Hugs and Kisses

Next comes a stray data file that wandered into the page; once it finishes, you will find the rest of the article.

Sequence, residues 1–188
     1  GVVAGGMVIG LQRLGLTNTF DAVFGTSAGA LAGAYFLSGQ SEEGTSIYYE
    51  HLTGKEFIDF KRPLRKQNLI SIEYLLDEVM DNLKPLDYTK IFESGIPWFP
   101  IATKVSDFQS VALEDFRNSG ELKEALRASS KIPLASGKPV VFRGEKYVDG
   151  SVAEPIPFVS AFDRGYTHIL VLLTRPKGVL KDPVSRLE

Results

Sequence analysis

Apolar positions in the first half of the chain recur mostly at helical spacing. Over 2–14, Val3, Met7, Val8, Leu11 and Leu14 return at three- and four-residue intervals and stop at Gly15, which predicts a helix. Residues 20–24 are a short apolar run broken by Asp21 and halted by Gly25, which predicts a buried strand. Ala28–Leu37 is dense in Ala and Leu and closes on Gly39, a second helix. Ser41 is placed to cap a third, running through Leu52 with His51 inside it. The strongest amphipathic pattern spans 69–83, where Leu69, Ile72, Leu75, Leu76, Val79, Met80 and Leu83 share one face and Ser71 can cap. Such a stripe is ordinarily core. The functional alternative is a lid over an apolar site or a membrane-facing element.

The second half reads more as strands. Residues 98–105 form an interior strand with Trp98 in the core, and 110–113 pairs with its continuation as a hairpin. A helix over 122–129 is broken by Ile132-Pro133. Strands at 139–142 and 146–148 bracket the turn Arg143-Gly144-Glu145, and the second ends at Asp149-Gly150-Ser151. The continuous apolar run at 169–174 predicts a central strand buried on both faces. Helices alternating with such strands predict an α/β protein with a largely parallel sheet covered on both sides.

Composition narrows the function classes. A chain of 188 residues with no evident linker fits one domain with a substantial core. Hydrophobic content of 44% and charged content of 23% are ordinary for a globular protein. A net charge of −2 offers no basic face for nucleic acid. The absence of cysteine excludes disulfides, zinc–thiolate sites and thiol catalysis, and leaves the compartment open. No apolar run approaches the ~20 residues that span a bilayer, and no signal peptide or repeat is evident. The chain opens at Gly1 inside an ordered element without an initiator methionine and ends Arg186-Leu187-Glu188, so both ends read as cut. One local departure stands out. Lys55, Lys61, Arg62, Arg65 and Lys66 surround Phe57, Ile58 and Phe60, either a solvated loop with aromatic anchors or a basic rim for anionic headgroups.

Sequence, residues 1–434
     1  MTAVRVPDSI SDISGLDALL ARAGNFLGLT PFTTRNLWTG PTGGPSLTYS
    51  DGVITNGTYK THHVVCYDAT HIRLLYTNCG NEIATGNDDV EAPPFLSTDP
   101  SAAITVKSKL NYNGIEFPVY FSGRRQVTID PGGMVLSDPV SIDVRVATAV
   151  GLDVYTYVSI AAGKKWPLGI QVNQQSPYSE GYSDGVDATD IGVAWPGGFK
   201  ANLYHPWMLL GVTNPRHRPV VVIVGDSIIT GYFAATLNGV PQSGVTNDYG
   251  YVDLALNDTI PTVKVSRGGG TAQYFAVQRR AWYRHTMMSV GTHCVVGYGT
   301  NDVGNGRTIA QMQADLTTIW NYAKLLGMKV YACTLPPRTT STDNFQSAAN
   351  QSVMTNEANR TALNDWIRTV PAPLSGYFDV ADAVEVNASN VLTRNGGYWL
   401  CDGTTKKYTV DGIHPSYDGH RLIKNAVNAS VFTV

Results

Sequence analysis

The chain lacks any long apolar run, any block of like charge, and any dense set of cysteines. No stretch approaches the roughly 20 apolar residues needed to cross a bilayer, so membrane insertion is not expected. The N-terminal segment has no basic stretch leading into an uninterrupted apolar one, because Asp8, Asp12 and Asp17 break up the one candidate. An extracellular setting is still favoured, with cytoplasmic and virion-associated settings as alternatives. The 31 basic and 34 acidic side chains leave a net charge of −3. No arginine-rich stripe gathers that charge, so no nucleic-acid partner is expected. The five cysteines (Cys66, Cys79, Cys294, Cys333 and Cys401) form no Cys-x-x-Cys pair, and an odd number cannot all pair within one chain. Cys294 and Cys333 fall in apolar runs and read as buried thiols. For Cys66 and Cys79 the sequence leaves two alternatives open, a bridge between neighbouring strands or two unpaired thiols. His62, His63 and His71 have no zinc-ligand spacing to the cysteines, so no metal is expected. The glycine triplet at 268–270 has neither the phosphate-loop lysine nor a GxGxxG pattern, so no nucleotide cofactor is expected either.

These two cheetah cubs, at Lake Ndutu, Tanzania, spent most of an entire morning romping about and chasing each other. We spent 3 hours with this family, which consisted of a mother, her 3 cubs, and a younger cub that the mother had "adopted" from an older daughter. The survival rate of Cheetah cubs in the wild can be as low as 5%, and an experienced mother knows that the more cubs she has in her litter, the more likely it is that they will survive. Of course she put the survival of her daughter's cubs at risk in the process. These big babies are closing in on 18 months of age, which is the normal time that Cheetahs leave the comfort and safety of mom. Cheetahs kill most of their prey by strangling it, and though this bite looks playful and sweet, it's an important survival skill. Territorial Cheetah males sometimes kill their own kind if one happens into another's territory. For now, however, these siblings shared hugs and kisses in the cool morning weather.